Portland Police Chief Larry O’Dea and five other hunters were chasing ground squirrels in the Catlow Valley, a remote area in southeastern Oregon, when disaster struck their hunting party.

At approximately 4:37pm on April 21, authorities were alerted of a shooting which quickly dispatched the U.S. Fish & Wildlife Service, emergency paramedics and a county deputy to the scene.  What they found was a man wounded from a single gunshot to his lower back, but was described as “alert and breathing,” dispatch records indicated.

He was promptly airlifted to St. Alphonsus Regional Medical Center in Boise, Idaho where he was treated for his injuries and released.

The deputy on the scene conducted routine interviews with all the men involved in the incident, where after the discussion; he was left to believe that the incident was one that was self-inflicted.

The injured hunter had accidentally shot himself.

During the interrogation, O’Dea did not disclose his position as Portland’s Chief of Police, or even as a police officer for that matter.

It took nearly a month for the truth about what actually unfolded that day to come to the surface.  After finally being able to interview the 54-year-old victim, the deputy learned that the incident was not, in fact, a self-inflicted accident.

“The victim made it pretty clear he didn’t shoot himself,” Sheriff Dave Ward told OregonLive. “The victim knew who shot him.”

The injured man named Larry O’Dea specifically as the one who shot him, sending shock waves through local and state policing agencies.

“As soon as we found out who was involved, and the victim’s statement was different than the statements that had been made at the scene, I contacted Oregon State Police for help in investigating it,” Ward said. “We are in no way willing to participate in, or have been involved in any type of cover-up.”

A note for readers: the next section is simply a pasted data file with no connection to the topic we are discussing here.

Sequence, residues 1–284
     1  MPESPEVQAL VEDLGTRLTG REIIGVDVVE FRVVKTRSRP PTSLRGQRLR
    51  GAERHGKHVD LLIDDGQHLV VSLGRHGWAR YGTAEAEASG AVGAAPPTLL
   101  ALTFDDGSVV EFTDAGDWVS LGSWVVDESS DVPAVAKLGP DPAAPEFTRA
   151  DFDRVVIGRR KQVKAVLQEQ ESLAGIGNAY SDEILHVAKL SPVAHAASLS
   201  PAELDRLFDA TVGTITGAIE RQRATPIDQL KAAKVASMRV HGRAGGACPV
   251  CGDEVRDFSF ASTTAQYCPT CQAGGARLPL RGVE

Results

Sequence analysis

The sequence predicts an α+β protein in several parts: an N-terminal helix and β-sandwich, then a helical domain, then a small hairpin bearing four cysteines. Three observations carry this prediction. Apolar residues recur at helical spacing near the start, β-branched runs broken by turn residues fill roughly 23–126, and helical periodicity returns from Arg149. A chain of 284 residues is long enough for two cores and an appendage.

News reports surrounding the incident surfaced indicating that O’Dea had confided in Portland Mayor Charlie Hales about the incident, informing the mayor that he had wounded his friend with his .22 rifle.

“If he called the mayor and said he had shot his friend, he should have called me as well. I was irritated about that,” Ward said. “He should have picked up the phone and called our office and said this is what happened.”

“If an accident happens, you raise your hand and say here’s what happened,” he said.

Other than officially going public with the news last week, O’Dea has been quiet about the incident and the impending proceedings.

Should the victim wish to prosecute, O’Dea could face charges of fourth-degree assault or negligent wounding in addition to losing his post as police chief, a title that may be at jeopardy whether or not charges are laid.


H/T: OregonLive
Image: City of Portland